Kaya was holding her hand high up in the air, but she was completely blocked form the captain’s view by a large norn in front of her. She was just about to speak up when Garron, who stood next to Kaya, placed a claw on her head and softly shook his head. He, then too, raised his claw. The captain gave him a nod and continued eying the crowd, looking for more.
“Will three charr do?” Amethyst’s voice rang out from somewhere on deck.
Tot seemed to ponder this for a while, before he nodded.
“Excellent. We have our guards, the rest o ya can hit the port once we are done unloading and loading!”
Cheers went up from the crew.
The sun was setting, its final golden rays scattered by the drops of sweat rolling form the deckhands. It was not that much cargo to haul, but the ship would not stay in port for long so the crew wanted to be done as soon as possible to have as much time on shore as they could.
“Keep your eyes out for baddies, Kumara,” Kaya said as she patted me on the hip. Before turning around, she cast one last look at Amethyst that I could not quite decipher.
After she had left, Tot came waddling over.
“Ah!” he said, eyeing me. “I see y’got ya weapons out already!”
I replied with a nod.
“Well…” he seemed hesitant. “Take care of my baby, will ya?”
“Of course, captain!” Garron replied with his usual cheer.
“Tick tack, captain Tot. The mead is waiting,” I said.
The captain grinned.
“Too bad ya don’t like sailing, ‘cause I like ya!”
With that, he turned around a waddled off the gangplank onto shore, where the boatswain and the first mate were already waiting.
After a minute of silence Amethyst scraped her throat.
“So, that leaves the three of us, right?”
“And Thornfang,” I said, nodding at the hound.
Amethyst drew breath to say something, but was interrupted by Garron.
“I’m not a big fan of humans, but Amethyst, why did you stay behind?”
It appeared that she did not mind the interruption, as she grinned broadly and her tail started swooshing wildly.
“Well,” she said drawn out, “I couldn’t leave two such dastardly handsome charr behind, now could I?”
I just rolled my eyes, but Garron pressed on. “I thought you said you liked Kumara more, but you still call me dastardly handsome? What gives?”
“Oh, Garron, that I like Kumara more doesn’t mean that you aren’t a handsome charr as well!”
Garron face lit up as he smiled.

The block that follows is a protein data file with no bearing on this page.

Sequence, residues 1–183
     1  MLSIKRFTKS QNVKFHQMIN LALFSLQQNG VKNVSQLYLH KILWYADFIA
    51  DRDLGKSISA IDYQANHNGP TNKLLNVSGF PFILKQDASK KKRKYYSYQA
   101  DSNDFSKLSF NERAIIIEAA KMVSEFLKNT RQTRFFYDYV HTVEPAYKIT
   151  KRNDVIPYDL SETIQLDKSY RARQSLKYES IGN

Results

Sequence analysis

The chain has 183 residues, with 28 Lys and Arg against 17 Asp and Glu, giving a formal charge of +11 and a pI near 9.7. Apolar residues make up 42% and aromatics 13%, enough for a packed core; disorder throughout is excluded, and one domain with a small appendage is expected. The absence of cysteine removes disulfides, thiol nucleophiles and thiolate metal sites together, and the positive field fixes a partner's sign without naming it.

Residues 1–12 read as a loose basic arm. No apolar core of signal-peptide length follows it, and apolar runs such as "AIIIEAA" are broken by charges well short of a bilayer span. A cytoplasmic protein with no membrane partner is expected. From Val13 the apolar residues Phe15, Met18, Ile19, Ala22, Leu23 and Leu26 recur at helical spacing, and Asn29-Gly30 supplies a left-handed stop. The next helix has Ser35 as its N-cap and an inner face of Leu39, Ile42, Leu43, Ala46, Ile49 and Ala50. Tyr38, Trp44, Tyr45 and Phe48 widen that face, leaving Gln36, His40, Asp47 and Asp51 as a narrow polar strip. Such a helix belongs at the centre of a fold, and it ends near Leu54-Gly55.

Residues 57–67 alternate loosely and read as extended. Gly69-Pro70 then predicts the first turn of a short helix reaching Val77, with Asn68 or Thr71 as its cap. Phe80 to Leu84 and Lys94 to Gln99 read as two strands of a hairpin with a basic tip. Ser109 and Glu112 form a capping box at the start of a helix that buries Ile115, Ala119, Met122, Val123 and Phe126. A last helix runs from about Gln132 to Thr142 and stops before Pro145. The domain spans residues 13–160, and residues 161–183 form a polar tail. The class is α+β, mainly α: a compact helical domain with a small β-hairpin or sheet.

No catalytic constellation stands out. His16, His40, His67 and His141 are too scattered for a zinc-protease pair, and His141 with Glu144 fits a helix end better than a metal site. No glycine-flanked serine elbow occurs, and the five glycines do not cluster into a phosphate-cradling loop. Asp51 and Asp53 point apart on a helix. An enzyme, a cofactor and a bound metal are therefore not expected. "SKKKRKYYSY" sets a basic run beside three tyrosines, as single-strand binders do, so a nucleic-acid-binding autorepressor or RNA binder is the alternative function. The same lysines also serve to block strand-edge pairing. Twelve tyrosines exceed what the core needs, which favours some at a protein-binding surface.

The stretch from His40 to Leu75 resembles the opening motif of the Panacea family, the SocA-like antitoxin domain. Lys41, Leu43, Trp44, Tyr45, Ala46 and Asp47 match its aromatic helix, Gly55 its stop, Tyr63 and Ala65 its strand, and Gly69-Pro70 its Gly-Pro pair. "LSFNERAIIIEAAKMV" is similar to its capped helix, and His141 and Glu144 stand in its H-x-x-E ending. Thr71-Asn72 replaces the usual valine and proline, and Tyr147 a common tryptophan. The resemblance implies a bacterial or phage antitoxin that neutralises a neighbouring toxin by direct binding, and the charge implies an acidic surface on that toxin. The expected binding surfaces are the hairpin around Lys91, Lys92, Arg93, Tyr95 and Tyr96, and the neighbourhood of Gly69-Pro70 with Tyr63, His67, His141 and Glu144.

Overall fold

“Anyway,” Amethyst continued, her tone more serious, “In lion’s Arch, there was no Thornfang, was there, eye candy?”
She was now staring straight at me as I weighed my answers.
“Let’s just say that my time in sylvari lands was not eventless.”
“I see,” she said with a smile.
“Keep your secrets close to your chest, and they shall become a wall of smoke that blinds you.”
Both Amethyst and me arched an eyebrow and turned to Garron. The usually upbeat, cheerful charr now had a serious demeanor about him.
“Kumara, I’m not asking you to share your secrets with us, but it’s something my fahrar master told me. Just, something to keep in mind…” As he said it, he turned away.
“Who was that addressed to,” Amethyst whispered in an uncharacteristic caring way, “Kumara or yourself?”
“Both, I guess,” the black charr said with a sigh.
An awkward, laden silence fell; only broken by the waves softly caressing the boat’s hull and the wind gently pulling on her riggings.
Without warning, Amethyst stood up and rushed downstairs. Garron and I exchanged looks, but before either of us could decide whether or not to follower her, we heard her heavy pawfall coming back up again. Once she stepped out of the hold and onto the deck she was holding a set of three drums.
She sat down and slowly banged the drums. It was a slow, soothing rhythm. One I have heard many times when I was a cub, and later when Taryc played his drums as the warband waited for new assignments.
“Even though you were raised in Lion’s Arch, you know some charr music?” I said, puzzled.
“My mother made a point of teaching me some things, at the very least.”
“Manners not one of them,” I jested.
She grinned widely.
“Well,” Garron sighed, “I guess it’s time we actually actively started looking for danger.”
“I can drum and look at the same time,” Amethyst said pointedly.
“Garron, you stand watch on the aft, I’ll take the bow.”
“Yes sir!” he replied with a grin. “At least we’ll have music on our watch.”
List Of Recurring Entities:
The following is a list of characters—apart from Kumara and Thornfang—who have made an appearance before this part, sorted by order of appearance. With all the different stories on CoT, I understand it is hard to keep track of all the characters.
Amethyst: A charr clothes merchant from Lion’s Arch that loves to travel from time to time.
Garron: a pitch black charr deckhand.
Kaya: An asura that Kumara got to know in a krewe they both worked in. Now, she sets out with Kumara to see the world.
Bronk: The boatswain of the Serendipity.
Tot: Captain of the cargo ship Serendipity.